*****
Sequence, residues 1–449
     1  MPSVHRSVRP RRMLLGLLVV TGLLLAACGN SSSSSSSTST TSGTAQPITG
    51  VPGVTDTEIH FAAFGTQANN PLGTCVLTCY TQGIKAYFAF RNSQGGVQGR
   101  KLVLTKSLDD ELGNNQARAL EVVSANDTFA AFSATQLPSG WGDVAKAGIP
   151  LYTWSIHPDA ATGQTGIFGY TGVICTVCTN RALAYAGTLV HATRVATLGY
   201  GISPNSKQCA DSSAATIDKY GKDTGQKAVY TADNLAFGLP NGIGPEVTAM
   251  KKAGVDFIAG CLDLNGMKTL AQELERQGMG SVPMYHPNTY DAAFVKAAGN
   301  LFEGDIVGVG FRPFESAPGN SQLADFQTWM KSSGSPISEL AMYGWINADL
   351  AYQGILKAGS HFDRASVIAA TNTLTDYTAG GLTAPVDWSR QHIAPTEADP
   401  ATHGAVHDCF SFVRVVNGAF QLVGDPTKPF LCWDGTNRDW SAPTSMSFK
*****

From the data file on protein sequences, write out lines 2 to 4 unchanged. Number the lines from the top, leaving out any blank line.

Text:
     1  MPSVHRSVRP RRMLLGLLVV TGLLLAACGN SSSSSSSTST TSGTAQPITG
    51  VPGVTDTEIH FAAFGTQANN PLGTCVLTCY TQGIKAYFAF RNSQGGVQGR
   101  KLVLTKSLDD ELGNNQARAL EVVSANDTFA AFSATQLPSG WGDVAKAGIP